If the pending new year has inspired you to invest in some self-help books, we’ve got you covered. We rounded up some of the best reads in personal development of all time to kick start your reading list. It’s also the perfect time of year to set intentions for the months ahead and grab a time-tested self-help book to guide the way.

Whether you’re looking for something serious, hilarious, or right in between, one (or all) of these titles will surely do the trick. 

See a book you love? Click over to our “Best Self Care Books of All Time” list on Bookshop.org and support your local indie bookstore with your purchase. 

The Universe Has Your Back by Gabrielle Bernstein

This powerful book is for the person who is ready remove the roadblocks that are standing in the way of happiness, love, and security.  The reader will be able to transition from a place of fear and into a space of faith, resulting in freedom and clarity. These lessons will lead the way through a journey of joy, connection, and direction. It is the author’s hope that by the end of the book, you will be able to stop chasing life and to truly start living with purpose in the present moment, full well knowing that the universe is on your side.



Radically Happy by Phakchok Rinpoche

When a Tibetan Rinpoche and an entrepreneur from Silicon Valley get together to give advice, you can rest assured that you’re getting the best of both worlds. Touching on medication, mindfulness, and scientific studies, this book provides a pathway to finding a more fulfilling life. It includes insightful perspectives and personal stories, allowing this team of two to demonstrate how to achieve that radical happiness, especially during tough times.

Year of Yes by Shonda Rhimes

Shonda Rhimes is the ultimate girl crush and we’re here for it. Not only has she created some of the best TV shows out there, but now she’s outdone herself with a book. This one is a true lesson in not judging a book by its cover; some of the most unsuspecting people are actually introverts – and Shonda is one of them. This story shows a raw and real look at a woman who stepped into her power by saying “yes” to anything that scared her and leaves the reader truly inspired to do the same.

How to be a Bawse by Lilly Singh

Lilly Singh is a modern day superhero and she worked hard for that accolade. You won’t find any warm and fuzzies with this one, but you will find real world advice to help you level up and elevate your game. She’ll encourage you to surround yourself with people who are smarter than you, skip the feeling of FOMO (fear of missing out), and to make time to be creative. Oh, and be nice to people – so simple, yet often overlooked when climbing the ladder to success. You’ll laugh and you’ll learn, but most importantly, this book will teach you to love yourself a little more.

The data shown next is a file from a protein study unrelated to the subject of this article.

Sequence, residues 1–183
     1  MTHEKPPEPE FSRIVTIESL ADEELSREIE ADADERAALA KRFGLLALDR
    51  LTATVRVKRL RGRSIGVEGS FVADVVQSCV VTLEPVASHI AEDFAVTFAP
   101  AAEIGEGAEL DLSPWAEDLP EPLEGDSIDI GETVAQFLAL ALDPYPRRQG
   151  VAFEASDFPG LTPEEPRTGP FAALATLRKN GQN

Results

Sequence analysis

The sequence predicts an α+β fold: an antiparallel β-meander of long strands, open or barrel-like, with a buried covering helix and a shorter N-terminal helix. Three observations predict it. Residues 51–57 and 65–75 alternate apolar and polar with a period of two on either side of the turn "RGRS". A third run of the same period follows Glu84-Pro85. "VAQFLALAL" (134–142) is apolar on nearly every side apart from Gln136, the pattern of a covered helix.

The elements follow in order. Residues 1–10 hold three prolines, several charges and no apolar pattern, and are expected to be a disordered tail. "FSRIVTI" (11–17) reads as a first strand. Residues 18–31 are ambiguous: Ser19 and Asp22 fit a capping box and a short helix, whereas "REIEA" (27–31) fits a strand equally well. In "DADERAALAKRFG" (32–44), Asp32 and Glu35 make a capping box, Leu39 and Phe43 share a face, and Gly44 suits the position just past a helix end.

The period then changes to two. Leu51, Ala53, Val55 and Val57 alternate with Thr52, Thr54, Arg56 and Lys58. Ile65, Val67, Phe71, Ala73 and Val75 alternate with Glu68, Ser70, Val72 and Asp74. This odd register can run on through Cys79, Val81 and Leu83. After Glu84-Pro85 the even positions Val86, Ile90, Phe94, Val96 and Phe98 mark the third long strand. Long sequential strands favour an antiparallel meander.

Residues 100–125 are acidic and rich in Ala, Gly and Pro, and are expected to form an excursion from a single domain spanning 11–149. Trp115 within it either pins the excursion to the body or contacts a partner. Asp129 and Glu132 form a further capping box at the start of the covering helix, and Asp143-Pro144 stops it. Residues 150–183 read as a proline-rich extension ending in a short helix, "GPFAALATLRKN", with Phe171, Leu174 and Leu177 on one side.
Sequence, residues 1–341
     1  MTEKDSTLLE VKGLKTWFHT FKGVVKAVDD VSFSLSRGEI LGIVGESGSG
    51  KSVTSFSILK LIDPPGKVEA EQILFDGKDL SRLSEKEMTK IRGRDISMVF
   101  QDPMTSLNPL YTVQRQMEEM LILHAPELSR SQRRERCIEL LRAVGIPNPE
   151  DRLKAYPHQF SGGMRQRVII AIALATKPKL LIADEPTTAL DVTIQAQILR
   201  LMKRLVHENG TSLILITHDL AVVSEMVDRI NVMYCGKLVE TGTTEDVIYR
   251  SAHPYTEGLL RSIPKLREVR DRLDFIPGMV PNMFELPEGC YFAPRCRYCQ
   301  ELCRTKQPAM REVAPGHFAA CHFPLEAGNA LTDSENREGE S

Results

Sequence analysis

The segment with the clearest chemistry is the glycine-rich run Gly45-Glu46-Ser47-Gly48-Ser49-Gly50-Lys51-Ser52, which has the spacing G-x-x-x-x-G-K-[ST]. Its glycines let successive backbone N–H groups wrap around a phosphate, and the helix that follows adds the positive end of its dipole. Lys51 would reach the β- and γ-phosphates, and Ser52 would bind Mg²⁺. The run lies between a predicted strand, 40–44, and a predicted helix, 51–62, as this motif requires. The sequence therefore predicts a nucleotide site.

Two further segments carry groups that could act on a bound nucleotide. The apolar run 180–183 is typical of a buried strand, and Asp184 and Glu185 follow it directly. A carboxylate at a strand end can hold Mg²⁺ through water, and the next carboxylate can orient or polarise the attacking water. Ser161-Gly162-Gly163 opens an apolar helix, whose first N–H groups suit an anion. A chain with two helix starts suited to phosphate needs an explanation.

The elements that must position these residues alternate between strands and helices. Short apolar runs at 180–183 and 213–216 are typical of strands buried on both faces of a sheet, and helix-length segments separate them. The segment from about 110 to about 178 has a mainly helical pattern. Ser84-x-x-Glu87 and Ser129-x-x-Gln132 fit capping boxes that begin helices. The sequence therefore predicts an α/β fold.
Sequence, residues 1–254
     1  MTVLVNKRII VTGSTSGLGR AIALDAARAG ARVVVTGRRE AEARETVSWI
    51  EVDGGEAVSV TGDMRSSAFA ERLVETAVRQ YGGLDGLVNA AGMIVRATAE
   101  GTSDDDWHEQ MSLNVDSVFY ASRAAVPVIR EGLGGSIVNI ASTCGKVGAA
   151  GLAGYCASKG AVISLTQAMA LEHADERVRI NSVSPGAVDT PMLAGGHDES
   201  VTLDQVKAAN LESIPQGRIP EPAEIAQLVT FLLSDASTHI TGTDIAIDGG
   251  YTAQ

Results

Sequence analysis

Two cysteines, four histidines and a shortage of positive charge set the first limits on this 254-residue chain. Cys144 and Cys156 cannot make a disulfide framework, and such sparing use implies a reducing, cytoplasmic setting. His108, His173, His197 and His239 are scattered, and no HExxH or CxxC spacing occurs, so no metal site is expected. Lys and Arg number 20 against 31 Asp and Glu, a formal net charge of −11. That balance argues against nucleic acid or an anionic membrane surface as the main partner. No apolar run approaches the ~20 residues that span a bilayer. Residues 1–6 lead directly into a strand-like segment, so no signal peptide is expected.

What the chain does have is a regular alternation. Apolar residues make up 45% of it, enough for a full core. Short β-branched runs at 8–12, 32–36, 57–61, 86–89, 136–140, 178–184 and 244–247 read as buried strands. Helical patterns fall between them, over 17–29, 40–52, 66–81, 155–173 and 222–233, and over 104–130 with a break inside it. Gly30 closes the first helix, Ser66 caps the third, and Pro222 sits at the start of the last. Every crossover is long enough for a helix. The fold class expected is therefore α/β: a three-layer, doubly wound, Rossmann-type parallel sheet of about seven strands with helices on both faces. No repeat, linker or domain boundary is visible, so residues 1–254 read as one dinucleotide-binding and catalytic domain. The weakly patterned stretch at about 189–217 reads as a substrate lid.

The Little Book of Hygge by Meik Wiking

The Danish have a reputation for being the happiest people in the world and we want to know their secrets. They say it’s due to ‘hygge’ (pronounced hoo-ga), which is the true embodiment of their way of life – having a strong sense of well-being, prioritizing togetherness, and allowing yourself to truly be comfortable. This book offers such simple, yet surprisingly profound advice, like turning off the phone, trading in lights for candles, and to go ahead and eat that slice of cake…YOLO. This enjoyable book will take you down a path of peace and joy following the lead of the great Danes.


Feel the Fear… and Do It Anyway by Susan Jeffers, Ph.D.

With insight and humor, Dr. Jeffers shows readers how to become powerful in the face of their fears – and to channel energy into living happy, healthy lives. She uses a 10-step process to help readers identify what they are afraid of (and why), how to move from victim to creator, and ultimately how to create more meaning in life.

The Alchemist: A Fable About Following Your Dream by Paulo Coelho

This novel is structured very differently than most typical self-help books, but it’s recognized in the self-help community as being among the very best. The story introduces Santiago, an Andalusian shepherd boy in search of an extravagant treasure. He travels far and wide, and the treasures he finds on his journey teach about listening to our hearts, recognizing the signs along life’s path and following our dreams.